Today, May 4, 2013 marks the sixth anniversary of what used to be the “Boles University Blog.” That fine scholarship and research blog is now folded into this even finer, and richer, and deeper Boles Blogs Blog, and in celebration of promoting online pedagogy and in-person teaching, let’s take a look at the fascinating, and new, “Digital Public Library” of America! Continue reading → Accessing the Digital Public Library of America
I have never been a fan of standardized testing in schools. There’s too big a variable at play — missing the wild mind — and these tests praise and condone only the middle. If you don’t do well on these tests, you are not moved forward or thought of as a significant thinker. The system doesn’t mind if your wild view of the world matters. The only thing the test givers care about is finding, and approving, the mainstream, middling, mind to guarantee, and impress, conformity.
The quintessential “American Dream” is one of the most pervasive and iconic themes of the twentieth and twenty-first centuries — our mentors push us toward it; the media glamorizes it; poor Jay Gatsby died trying to achieve it. However, as young graduates across the nation return to their parents’ homes with diplomas in one hopeful hand, the goal of proud, self-governed homeownership seems to slip further and further away.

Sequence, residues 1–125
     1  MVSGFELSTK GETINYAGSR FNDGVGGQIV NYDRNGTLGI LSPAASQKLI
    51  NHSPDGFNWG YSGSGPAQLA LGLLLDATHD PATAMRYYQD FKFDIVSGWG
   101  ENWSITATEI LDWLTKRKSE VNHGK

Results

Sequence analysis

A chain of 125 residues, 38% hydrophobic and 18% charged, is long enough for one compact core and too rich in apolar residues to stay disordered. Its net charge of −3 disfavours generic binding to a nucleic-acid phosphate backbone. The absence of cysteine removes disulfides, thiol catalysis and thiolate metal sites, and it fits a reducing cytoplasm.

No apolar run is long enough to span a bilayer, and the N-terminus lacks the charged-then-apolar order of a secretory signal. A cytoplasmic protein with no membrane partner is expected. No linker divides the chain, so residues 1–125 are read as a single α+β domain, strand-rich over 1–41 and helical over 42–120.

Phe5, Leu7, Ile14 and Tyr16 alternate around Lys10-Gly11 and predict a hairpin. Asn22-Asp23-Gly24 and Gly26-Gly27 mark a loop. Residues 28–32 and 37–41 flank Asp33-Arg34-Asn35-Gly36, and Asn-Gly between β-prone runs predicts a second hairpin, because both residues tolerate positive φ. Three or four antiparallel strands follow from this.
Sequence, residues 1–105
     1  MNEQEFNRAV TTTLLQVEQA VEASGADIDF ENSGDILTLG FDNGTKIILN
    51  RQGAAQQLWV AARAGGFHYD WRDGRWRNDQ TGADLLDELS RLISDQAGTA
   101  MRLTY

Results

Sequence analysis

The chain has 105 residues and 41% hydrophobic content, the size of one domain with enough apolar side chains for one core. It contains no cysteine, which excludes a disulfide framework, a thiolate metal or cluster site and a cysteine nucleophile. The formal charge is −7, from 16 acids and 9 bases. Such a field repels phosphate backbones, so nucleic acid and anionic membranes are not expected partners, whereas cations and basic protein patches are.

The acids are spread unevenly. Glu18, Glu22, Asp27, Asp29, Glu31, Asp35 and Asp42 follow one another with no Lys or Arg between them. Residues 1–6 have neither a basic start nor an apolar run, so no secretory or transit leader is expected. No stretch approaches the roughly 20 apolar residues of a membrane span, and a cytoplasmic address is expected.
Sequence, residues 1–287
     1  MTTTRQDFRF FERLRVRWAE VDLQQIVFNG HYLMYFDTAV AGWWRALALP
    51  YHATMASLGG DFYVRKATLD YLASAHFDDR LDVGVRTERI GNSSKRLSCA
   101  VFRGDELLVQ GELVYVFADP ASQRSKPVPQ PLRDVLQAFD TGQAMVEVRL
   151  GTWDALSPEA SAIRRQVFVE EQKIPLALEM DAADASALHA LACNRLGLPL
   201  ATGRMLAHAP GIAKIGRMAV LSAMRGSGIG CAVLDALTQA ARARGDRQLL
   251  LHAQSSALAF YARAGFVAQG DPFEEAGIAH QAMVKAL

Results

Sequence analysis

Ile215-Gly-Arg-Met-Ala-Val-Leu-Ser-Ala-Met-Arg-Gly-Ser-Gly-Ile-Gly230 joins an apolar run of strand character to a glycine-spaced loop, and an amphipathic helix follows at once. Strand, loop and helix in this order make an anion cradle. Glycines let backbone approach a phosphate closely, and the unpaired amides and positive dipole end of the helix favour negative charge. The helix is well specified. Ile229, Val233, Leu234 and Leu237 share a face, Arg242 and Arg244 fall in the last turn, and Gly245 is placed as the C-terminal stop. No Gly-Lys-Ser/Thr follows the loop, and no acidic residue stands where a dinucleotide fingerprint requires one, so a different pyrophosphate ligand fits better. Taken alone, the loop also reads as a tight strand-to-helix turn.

I am convinced that my father was born with a newspaper in one tiny hand and a neck tie instead of an umbilical cord. I mean this in the most complimentary way possible; the man has a work ethic that can make any zealous overachiever feel lazy. As a kid, I hardly appreciated or even noticed how tirelessly he worked to support my family and me.
Grade inflation is a major problem on college campuses, and it is the sworn duty of the faculty to carefully and cautiously grade all student work the same. Students tend to expect an “A” grade just for showing up to class when, in structured reality, a “C” grade is what a student earns for merely meeting the minimum requirements for any course. A “C” is a fine grade — but a lot of students seem to feel a “C” grade is the same as an “F” grade when it is not. A “C” defines the middling ground for a course and that is the honest grade most students earn, even though faculty tend to inflate grading the middle just to keep the peace.
If you have been to college in the last 2o years, an internship was likely part of your valuable learning process. Interns must be paid at for-profit companies — either by the company or the school — or else one risks abusing volunteer student work as slave labor.